GPGME - an API to GnuPG
The recommended way to use the GnuPG crypto stack from your application is GPGME, which is written in C. Here is the online version of the manual (maybe out of date).
A number of GPGME bindings for other programming languages/environments exist (Please point us to missing entries or corrections or add them directly in the wiki.):
All / C
- gpgme (GPG Made Easy) is the official GnuPG API. It is implemented in C itself, but this is what you should use from your language as well.
- http://quickgit.kde.org/?p=kdepimlibs.git gpgme++ is a wrapper for gpgme in kdepimlibs
C# (c-sharp) wrappers
- gpgme-sharp in alpha for 32bit windows (as of 2014-09).
- GnuPG-for-Java is a Java wrapper for gpgme >=1.5 and GnuPG >=2.x
- GnuPG-for-Java is a Java wrapper for gpgme and GnuPG 1.x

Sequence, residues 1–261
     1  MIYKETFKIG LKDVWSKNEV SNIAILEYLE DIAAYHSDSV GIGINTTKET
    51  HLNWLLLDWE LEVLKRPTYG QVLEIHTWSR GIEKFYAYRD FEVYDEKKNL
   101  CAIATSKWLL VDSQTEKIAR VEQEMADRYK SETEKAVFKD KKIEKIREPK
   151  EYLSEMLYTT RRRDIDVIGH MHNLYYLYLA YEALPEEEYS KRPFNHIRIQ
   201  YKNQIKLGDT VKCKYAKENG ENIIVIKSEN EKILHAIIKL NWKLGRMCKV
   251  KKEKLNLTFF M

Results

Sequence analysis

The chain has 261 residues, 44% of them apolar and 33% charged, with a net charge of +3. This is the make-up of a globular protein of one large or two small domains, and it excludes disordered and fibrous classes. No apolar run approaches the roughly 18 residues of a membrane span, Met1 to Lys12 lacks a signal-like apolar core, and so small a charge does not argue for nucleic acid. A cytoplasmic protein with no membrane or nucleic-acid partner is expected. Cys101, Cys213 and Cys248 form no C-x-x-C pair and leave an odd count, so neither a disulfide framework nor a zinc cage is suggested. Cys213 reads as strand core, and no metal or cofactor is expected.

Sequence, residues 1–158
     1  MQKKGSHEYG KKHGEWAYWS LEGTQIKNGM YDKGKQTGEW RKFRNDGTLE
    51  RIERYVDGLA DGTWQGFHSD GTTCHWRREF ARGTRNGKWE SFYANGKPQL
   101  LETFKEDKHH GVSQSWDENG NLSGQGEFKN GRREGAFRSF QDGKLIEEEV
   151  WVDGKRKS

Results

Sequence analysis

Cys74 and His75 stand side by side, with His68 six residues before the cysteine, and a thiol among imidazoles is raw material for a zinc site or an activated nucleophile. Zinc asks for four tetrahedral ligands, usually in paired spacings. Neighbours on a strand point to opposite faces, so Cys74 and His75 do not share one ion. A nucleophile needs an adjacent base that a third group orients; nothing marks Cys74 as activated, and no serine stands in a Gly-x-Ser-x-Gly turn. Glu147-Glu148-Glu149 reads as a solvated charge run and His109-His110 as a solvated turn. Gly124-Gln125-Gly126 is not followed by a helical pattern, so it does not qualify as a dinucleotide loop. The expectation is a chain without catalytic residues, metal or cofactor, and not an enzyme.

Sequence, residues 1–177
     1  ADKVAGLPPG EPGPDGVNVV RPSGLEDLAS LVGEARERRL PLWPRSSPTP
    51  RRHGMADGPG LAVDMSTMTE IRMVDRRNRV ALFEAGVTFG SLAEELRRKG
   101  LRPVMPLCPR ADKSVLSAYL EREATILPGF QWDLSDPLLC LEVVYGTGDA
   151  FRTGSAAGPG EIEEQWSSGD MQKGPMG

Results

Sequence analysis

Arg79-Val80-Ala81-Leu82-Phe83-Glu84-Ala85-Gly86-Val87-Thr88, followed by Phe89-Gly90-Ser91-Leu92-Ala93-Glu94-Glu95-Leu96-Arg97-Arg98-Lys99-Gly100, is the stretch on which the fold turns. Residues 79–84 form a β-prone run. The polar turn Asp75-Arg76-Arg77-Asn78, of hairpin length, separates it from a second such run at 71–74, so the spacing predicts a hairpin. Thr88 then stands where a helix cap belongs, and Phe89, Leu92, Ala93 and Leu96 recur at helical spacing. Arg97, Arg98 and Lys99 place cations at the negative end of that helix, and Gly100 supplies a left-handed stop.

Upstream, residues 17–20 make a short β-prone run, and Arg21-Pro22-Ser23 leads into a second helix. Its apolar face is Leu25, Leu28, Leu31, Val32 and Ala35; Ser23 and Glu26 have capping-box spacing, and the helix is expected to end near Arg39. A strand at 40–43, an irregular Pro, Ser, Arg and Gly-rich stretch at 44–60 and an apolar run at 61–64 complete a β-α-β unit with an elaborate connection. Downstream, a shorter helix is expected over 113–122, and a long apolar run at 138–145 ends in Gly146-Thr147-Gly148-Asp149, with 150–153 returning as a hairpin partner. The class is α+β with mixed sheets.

- Gnu Privacy Guard is an Android app based GnuPG-for-Java and gpgme to provide a GnuPG engine in Android
- pyme SWIG generated wrapper for python2 (continuation of the old version)
- pyme for python3 SWIG generated wrapper for python3, port of pyme 0.9 (see gnupg-devel mailinglist 2015-05 and newer)
- https://launchpad.net/pygpgme manually written wrapper in C
- ruby-gpgme is a ruby wrapper, which can be installed with: gem install gpgme.
(not recommended) calling executables directly
A number of elder applications call GnuPG executables in a subprocess and interact with them via command line arguments and file-descriptors. This is less perferable to GPGME, because the command line arguments and text outputs are not an (official) API to GnuPG. While there is an effort made to keep them stable, using the official GPGME API can manage this more precisely and thus you end up with a more robust solution.